The Jupiter Hills Elders Quorum Skeet Shooting Activity

The elders quorum of the Jupiter Hills LDS ward in Syracuse, Utah, recently held its annual skeet shoot activity.

It was a blast, literally (sorry, sad attempt at humor).

This is how it works – we pick date, buy clay pigeons, shells, hot dogs, buns, condiments, chips and Oreos; then grab a cooler of water, sticks for the roast, wood for a fire, ask the brethren to bring their shotguns and meet at the designated location. And in case your wondering, yes, our annual budget is exhausted with one activity. But it’s worth it, keep reading.

Me holding a shotgun at our Elders Quorum skeet shoot. I actually hit a few this year.

Me holding a shotgun at our Elders Quorum skeet shoot. I actually hit a few this year.

On the night of this year’s activity, we had a good turnout of about 15-20 guys. With the sunlight fading, we loaded the guns and started blowing up the spinning orange discs. Occasionally a flock of geese would fly over and someone would make a joke about taking a shot, sparking light laughter (just to be clear, no geese were harmed).

My buddy Fabian prepares to shoot while Chris gets ready to throw the clay pigeon.

My buddy Fabian prepares to shoot while Chris gets ready to throw the clay pigeon.

What was awesome for me is I actually hit a few of the little discs, thanks to a few friendly tips from a fellow elder on how to aim. I knew I hit a those precious few because no one else was shooting at the time. That made me feel extra manly! It made the bicep bruise and sore shooting shoulder totally worth it.

When the ammo and clay pigeons were gone (it was too dark to shoot anyway), we moved to the fire and began roasting hot dogs. As we sat around the fire chewing and crunching, it was fun to follow the different conversations. There were jokes about the substances within hot dogs, speculation about who would be called as the new stake president, recent events in the local news, and how home building ideas posted on Pinterest were causing one the elder’s quorum president (a general contractor) headaches. Everybody thinks they can just show you photos of things they like and you can do it within budget, he said. There was also a discussion about superhero movies and funny stories from scout camp. It was fairly entertaining to sit back and listen.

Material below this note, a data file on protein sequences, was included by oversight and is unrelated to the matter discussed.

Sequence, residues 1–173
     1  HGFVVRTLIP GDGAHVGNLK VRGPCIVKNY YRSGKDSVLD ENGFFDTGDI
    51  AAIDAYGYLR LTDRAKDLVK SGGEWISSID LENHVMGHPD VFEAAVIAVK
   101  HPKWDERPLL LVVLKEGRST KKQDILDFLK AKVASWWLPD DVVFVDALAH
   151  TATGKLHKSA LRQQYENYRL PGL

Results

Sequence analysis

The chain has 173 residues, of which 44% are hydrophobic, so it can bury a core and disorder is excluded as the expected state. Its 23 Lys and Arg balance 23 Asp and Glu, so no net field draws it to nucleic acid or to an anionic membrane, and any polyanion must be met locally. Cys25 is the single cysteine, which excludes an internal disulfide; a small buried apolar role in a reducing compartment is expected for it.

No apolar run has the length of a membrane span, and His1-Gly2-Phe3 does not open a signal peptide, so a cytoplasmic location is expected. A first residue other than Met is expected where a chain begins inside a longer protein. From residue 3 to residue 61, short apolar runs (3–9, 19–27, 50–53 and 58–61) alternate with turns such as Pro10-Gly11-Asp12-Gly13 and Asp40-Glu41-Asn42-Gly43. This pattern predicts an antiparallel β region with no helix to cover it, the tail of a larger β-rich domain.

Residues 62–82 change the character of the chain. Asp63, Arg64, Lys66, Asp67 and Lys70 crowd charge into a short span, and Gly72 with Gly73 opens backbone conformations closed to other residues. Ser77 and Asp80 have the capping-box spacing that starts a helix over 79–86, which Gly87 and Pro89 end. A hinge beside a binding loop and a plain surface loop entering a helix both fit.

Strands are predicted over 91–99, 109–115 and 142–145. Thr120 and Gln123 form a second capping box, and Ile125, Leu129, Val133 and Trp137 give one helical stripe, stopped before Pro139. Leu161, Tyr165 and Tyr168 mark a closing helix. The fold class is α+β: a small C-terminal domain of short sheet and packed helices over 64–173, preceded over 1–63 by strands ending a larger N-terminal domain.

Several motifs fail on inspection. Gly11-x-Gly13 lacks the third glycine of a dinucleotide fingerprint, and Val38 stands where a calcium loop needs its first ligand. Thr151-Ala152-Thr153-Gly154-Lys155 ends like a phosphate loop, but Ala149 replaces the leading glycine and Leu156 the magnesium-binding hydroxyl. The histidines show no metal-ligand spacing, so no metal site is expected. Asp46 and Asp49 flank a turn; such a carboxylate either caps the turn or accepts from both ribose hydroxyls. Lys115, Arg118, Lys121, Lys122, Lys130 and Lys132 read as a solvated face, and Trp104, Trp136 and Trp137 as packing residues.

Members of the quorum roast hot dogs in the fire.

Members of the quorum roast hot dogs in the fire.

After a couple of hours, which passed rapidly, we all knew it was time to get back to our families.

Why do I share this? As I left I couldn’t deny how good it felt to be a member of our quorum, our brotherhood in the gospel. I enjoyed visiting and hanging out with every guy there that night. We come from different backgrounds, yet we share a great common bond as holders of the Lord’s priesthood, and it’s awesome.

It was fun to follow the conversations going on around the fire at our Elders quorum activity.

It was fun to follow the conversations going on around the fire at our Elders quorum activity.

I like what Elder L. Tom Perry of the Quorum of the Twelve once said:

“One of the greatest blessings one can receive from being a bearer of the priesthood … is belonging to a priesthood quorum. … We have a special brotherhood. We are there to lift, inspire, and bless each other with the spirit of our calling.”

In the same talk, Elder Perry went on to quote Elder John A. Widtsoe:

“The Priesthood is a great brotherhood, held together by the eternal and immutable laws that constitute the framework of the Gospel. The feeling of brotherhood should permeate the quorum. It should be the first concern of a quorum to help all members who may be in need temporally, mentally, or spiritually. The spirit of brotherhood should be the directing force in all the plans and operations of the quorum. If this spirit be cultivated, wisely and persistently, no other organization will become more attractive to the man who holds the Priesthood.”

I’m grateful to be a member of The Church of Jesus Christ of Latter-day Saints, where I feel a part of the brotherhood in our quorum.

Now, when is the next skeet shoot activity?

 

 

 

Share

Trent Toone

My name is Trent Toone and I’m a journalist for the Deseret News, where I write for a variety of feature sections. I was raised in Northern Utah and graduated from the University of Utah in 2003. Since then I have worked for several newspapers and received various awards over my journalism career. I am the author of “No Excuses, No Regrets: The Eric Weddle Story,” the sports biography of San Diego Chargers safety Eric Weddle. I served an LDS mission to Santiago, Chile, and spent a year teaching seminary. Like my father before me, I am a proud Eagle Scout. My wife Lisa and I have four children and live in Northern Utah. Feel free to contact me by emailing to trent.b.toone (at) gmail (dot) com.

You may also like...

Leave a Reply

Your email address will not be published. Required fields are marked *